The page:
Vietnam’s state-run enterprises borrowed a total of VND1,567 trillion (US$69.96 billion) in the fiscal year ending September 2014, the government said in a recent report submitted to the lawmaking National Assembly.
The debts rose eight percent from the 2013 fiscal year, at a time when most state-run firms posted earning drops and modest growth rates in revenue, according to the report.
In the 2014 fiscal year, the government guaranteed a total of VND124.1 trillion ($5.54 billion) worth of foreign debts for state enterprises, up around VND2 trillion ($89.29 million) from a year earlier, the report said.
These government-backed debts will threaten national financial security if state-run enterprises fail to improve their poor business performance, economic experts warn.
Besides bank loans, many state companies also issued bonds to raise money of their own accord, the report noted.
Vietnam’s coal giant Vinacomin, for instance, issued as much as VND12.5 trillion ($558.04 million) worth of bonds, whereas Becamex, an infrastructure and industrial park developer, raised VND7.2 trillion ($321.43 million) via bonds.
Many state-owned enterprises therefore had a debt-to-equity ratio far larger than three, which is the safe limit.
The Vietnam Machinery Installation Corporation (LILAMA) posted a ratio of 11.67, whereas the respective figures of the No.36 Corporation and Song Da Corporation, both major construction firms, were 11.01 and 10.03.
The report also names several big borrowers of local banks, including oil and gas giant PetroVietnam, which owes around $8 billion in bank loans, Electricity of Vietnam (some $5 billion), and Vinacomin, more than $2 billion.
The state-run enterprises also borrowed over VND381 trillion ($17.01 billion) from foreign lenders in fiscal 2014, with Vietnam Airlines, PetroVietnam and Airports Corporation of Vietnam being the biggest debtors.
The national flag carrier owed VND27.34 trillion ($1.22 billion) in foreign debts, while the respective liabilities of the oil and gas behemoth and the operator of the country’s airports were VND20.30 trillion ($906.25 million) and VND12.13 trillion ($541.52 million).
The report also reveals massive unsold inventories of the state companies, and names 19 enterprises that collectively incurred more than $1 billion in losses.
Firms say ‘debts under control’ while experts worry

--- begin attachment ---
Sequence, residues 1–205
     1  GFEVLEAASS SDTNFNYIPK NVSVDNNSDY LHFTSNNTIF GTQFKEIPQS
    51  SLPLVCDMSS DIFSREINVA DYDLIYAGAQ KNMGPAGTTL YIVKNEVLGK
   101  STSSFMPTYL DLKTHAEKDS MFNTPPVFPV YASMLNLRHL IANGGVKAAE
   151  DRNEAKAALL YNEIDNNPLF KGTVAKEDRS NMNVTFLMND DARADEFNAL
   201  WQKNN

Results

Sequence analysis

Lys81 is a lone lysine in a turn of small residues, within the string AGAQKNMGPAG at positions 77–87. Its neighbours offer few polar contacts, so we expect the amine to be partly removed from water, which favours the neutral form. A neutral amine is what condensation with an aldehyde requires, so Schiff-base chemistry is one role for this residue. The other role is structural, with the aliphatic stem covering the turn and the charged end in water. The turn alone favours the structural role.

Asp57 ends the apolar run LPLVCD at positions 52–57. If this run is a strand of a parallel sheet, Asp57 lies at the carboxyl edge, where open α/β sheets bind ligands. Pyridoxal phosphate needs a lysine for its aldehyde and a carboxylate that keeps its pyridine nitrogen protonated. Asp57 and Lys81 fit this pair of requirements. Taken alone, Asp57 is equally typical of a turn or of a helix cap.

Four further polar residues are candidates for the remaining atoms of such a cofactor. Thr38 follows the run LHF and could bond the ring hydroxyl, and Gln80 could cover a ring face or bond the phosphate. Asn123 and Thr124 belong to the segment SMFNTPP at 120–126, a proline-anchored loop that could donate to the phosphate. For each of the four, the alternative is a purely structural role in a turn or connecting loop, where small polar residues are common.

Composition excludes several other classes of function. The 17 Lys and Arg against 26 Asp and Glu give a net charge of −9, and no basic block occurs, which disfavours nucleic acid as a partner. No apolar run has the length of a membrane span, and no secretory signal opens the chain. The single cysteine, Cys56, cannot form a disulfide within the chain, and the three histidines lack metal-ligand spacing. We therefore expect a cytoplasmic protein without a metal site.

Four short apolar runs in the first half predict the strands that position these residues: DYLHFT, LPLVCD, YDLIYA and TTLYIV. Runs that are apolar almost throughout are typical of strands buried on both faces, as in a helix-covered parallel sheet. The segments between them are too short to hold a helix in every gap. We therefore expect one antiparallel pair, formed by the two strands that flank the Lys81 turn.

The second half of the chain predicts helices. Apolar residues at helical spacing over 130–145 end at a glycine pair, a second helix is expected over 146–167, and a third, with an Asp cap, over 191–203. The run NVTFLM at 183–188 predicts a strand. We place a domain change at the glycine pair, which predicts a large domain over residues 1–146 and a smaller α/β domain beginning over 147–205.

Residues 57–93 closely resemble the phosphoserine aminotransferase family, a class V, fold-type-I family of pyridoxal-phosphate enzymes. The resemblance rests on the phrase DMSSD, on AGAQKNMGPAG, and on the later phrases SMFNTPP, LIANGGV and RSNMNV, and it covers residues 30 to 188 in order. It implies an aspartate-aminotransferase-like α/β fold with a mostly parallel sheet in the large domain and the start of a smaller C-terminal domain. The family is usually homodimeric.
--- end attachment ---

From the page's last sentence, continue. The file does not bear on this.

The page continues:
Ngo Minh Hai, from the Central Institute for Economic Research and Management, is concerned that the $5.54 billion in foreign debt guaranteed by the government will become public debt if the borrowers fail to clear their liabilities.
Hai reiterated the case of Vinashin, the erstwhile shipbuilding firm that was dissolved over bankruptcy in 2013, after which the government had to repay $211.4 million of its foreign debt.
“Even though state firms have big earnings, the pressure to repay debt is not small and enterprises can easily fall into hardship after a few unsuccessful projects,” he warned.
Dr. Vu Dinh Anh, a seasoned economist, said a high debt-to-equity ratio is a huge risk for state-run enterprises.
“When you have to borrow ten times more than what you have, how can you manage to repay the debt when your business goes wrong?” he wondered.
Even so, many state enterprises say loans are a must for businesses, and most of their debts are “well under control.”
“Few firms can operate on their own equity without having to borrow money,” Le Van Tuan, general director of LILAMA, told Tuoi Tre (Youth) newspaper.
LILAMA posted a 11.6 debt-to-equity ratio in the 2014 fiscal year, which Tuan said is due to its small equity, around VND700 billion ($31.25 million), while it continued signing contracts worth as much as $1.4 billion.
“A recent inspection by the Ministry of Finance indicated that our debts are under control,” he added.
Meanwhile, Nguyen Van Bien, deputy general director of Vinacomin, said the VND46.17 billion ($2.06 million) worth of bank debts the company has to pay is not really an issue.
“Our debt-to-equity ratio is 2.7, still below the safe limit of three,” he said.
“Most of our loans are used for production and business purposes and we may continue borrowing.
“But we will keep the ratio under three.”